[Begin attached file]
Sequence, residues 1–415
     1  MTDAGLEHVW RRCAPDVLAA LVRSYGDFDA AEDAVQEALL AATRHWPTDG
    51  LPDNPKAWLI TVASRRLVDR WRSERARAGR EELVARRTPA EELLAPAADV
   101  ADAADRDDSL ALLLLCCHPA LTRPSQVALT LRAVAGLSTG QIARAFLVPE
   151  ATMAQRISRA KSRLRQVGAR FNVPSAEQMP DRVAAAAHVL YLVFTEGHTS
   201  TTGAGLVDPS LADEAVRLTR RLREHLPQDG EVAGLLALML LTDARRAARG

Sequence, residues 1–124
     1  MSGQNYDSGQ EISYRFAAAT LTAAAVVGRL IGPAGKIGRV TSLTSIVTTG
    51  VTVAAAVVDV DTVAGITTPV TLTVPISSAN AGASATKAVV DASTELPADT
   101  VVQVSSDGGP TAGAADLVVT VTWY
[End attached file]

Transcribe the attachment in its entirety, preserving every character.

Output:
Sequence, residues 1–415
     1  MTDAGLEHVW RRCAPDVLAA LVRSYGDFDA AEDAVQEALL AATRHWPTDG
    51  LPDNPKAWLI TVASRRLVDR WRSERARAGR EELVARRTPA EELLAPAADV
   101  ADAADRDDSL ALLLLCCHPA LTRPSQVALT LRAVAGLSTG QIARAFLVPE
   151  ATMAQRISRA KSRLRQVGAR FNVPSAEQMP DRVAAAAHVL YLVFTEGHTS
   201  TTGAGLVDPS LADEAVRLTR RLREHLPQDG EVAGLLALML LTDARRAARG

Sequence, residues 1–124
     1  MSGQNYDSGQ EISYRFAAAT LTAAAVVGRL IGPAGKIGRV TSLTSIVTTG
    51  VTVAAAVVDV DTVAGITTPV TLTVPISSAN AGASATKAVV DASTELPADT
   101  VVQVSSDGGP TAGAADLVVT VTWY